Pasar Minggu District
Kecamatan Pasar Minggu
A fruit market in Pasar Minggu.
The district of Pasar Minggu in South Jakarta
|Province||Special Capital City District of Jakarta|
|• Total||21.90 km2 (8.46 sq mi)|
Pasar Minggu is a district of South Jakarta, Jakarta, Indonesia. The area is known for its traditional Sunday market, famous for the fruit market. Historically, Pasar Minggu is a fruit cultivation area developed by the Dutch government during the colonial period. The central point of the cultivation area is the traditional market of Pasar Minggu, located in what is now Pasar Minggu Kelurahan. Teak forest could also be found in Pasar Minggu district, notably around Jati Padang (Javanese for "bright teak") Kelurahan. Most of these areas has been converted into residential area as Jakarta grow southward.
The boundary of Pasar Minggu is Kemang Selatan Road - Warung Jati Timur Road - Kalibata Timur Road to the north, Ciliwung River to the east, and Krukut River to the west.
The southern portion of Jakarta Outer Ring Road passed through Pasar Minggu district.
The district of Pasar Minggu is divided into seven kelurahan or administrative villages:
- Pejaten Barat - area code 12510
- Pejaten Timur - area code 12510
- Pasar Minggu - area code 12520
- Kebagusan - area code 12520
- Jati Padang - area code 12540
- Ragunan - area code 12550
- Cilandak Timur - area code 12560
The name Pasar Minggu derives from Pasar Minggu, a state-owned market located in the administrative village of the same name. The neighborhood of Pasar Minggu was – in the 17th-century – an ommelanden of Batavia located uphill. The land is located between the Ciliwung to the east and the stream of Mampang.
In the 18th-century, two parcels of land in what is now the district of Pasar Minggu was recorded as the property of Diogo Merendo and Simão Rodrigo who bought the land in mid 17th-century.
Pasar Minggu Market
Before 1920, market activity in the area was centered in Kampung Lio, closer to the west bank of the Ciliwung. The market opened every Sunday morning, hence the name Pasar Minggu, Malay for "Sunday Market". Pasar Minggu mainly consisted of bamboo-structured stalls. At this time, the market was also known for its gambling activities and a ronggeng performance known as Doger.
In 1920, the location of the market was shifted closer to the railway line. Chinese merchants began setting up their activity in Pasar Minggu, mainly on rice-selling.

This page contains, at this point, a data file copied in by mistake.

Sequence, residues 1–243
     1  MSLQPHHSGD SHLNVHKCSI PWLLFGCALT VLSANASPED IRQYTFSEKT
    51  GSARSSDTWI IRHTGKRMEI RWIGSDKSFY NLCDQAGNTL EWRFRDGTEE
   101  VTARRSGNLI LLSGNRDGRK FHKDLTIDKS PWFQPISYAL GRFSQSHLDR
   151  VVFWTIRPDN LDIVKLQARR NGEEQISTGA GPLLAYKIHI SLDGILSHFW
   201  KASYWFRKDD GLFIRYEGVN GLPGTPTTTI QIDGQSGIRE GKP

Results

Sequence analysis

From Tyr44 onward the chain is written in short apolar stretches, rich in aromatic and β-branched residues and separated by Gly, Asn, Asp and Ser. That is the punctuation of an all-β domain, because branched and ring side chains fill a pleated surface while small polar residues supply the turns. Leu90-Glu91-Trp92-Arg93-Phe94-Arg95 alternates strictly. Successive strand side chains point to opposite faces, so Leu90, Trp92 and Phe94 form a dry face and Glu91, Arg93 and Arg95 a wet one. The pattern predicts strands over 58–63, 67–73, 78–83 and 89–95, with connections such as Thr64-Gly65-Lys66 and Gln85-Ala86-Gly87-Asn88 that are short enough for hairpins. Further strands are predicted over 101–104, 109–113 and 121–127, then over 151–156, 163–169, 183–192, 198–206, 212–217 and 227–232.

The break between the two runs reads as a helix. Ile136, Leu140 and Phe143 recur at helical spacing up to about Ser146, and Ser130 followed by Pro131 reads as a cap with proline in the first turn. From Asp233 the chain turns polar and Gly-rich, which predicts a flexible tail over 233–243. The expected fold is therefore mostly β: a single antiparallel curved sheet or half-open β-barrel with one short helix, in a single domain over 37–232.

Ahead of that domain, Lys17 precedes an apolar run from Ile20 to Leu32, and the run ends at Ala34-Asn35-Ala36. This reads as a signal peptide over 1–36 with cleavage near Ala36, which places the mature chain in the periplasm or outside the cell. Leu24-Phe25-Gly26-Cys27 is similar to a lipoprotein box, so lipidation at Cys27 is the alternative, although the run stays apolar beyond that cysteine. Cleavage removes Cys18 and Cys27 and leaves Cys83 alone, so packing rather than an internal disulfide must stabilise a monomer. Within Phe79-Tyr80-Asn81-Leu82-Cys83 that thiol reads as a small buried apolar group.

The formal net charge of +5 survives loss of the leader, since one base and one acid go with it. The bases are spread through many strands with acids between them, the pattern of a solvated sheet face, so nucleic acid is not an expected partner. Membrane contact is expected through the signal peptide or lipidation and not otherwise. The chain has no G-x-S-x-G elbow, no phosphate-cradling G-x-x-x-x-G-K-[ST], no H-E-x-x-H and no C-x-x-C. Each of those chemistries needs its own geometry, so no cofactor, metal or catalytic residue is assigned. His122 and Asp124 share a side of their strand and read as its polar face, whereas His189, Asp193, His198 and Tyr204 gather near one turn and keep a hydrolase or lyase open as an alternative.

In 1930, a land to the west of Jalan Pasar Minggu (formerly the property of Dales, who took residence in Tanjung West) was opened by the colonial government to establish a more permanent building for the market. The first structure built for the market was a simple steel structure topped with zinc roof. The new market sold a variety of daily necessities e.g. clothing, as well as fruits, mostly collected from the surrounding orchards. Pasar Minggu was also set to open every day. Despite this, Pasar Minggu was still busier on Sunday. In 1931, the road connecting Pasar Minggu with Manggarai was paved, giving more access for people to Pasar Minggu.
Following the expansion of the boundary of the city of Jakarta, the area of Pasar Minggu was planned as a residential area. The plan converts some of the existing orchards into residential.
List of important places
- Ministry of Agriculture Building Complex
- Kemang Selatan, the southern portion of Kemang.
- Nederlandse International School
- Pasar Minggu market, bus terminal, and railway station.
- Ragunan Zoological Garden
- Republika building
|Wikimedia Commons has media related to Pasar Minggu.|
- "Kecamatan Pasar Minggu". Ensiklopedi Jakarta. Dinas Komunikasi, Informatika dan Kehumasan Pemprov DKI Jakarta. 2010. Retrieved January 14, 2017.
- Erna (October 19, 2009). "Kembalikan Pasar Minggu Jadi Pasar Buah" (in Indonesian). BeritaJakarta.com. Retrieved January 17, 2011.
- unknown & early 18th-century.
- S. Budhisantoso 1986, pp. 33-4.
- Yandri Irsan 2008, pp. 62-5.
- Kaart van Batavia, tusschen de rivier Groot Tsjiakon, de rivier Crocot en het spruytjie Tsiroa [Map of Batavia, between the Great River Tsjiakon, River Krukut and the Stream Tsiroa.] (Map). 50 rhijnlandsche roeden (in Dutch). Cartography by J.J. Bollee. anonymous. early 18th-century. Retrieved June 3, 2018. Check date values in:
- S. Budhisantoso; et al. (1986). Alat Penjaja Tradisional Daerah Khusus Ibukota Jakarta (in Indonesian). Jakarta: Direktorat Jenderal Kebudayaan.
- Yandri Irsan (2008). "Keberadaan Preman di Pasar Minggu dan Penanganan oleh Polsek Metro Pasar Minggu" (PDF). Jakarta: Universitas Indonesia. Retrieved June 4, 2018. Cite journal requires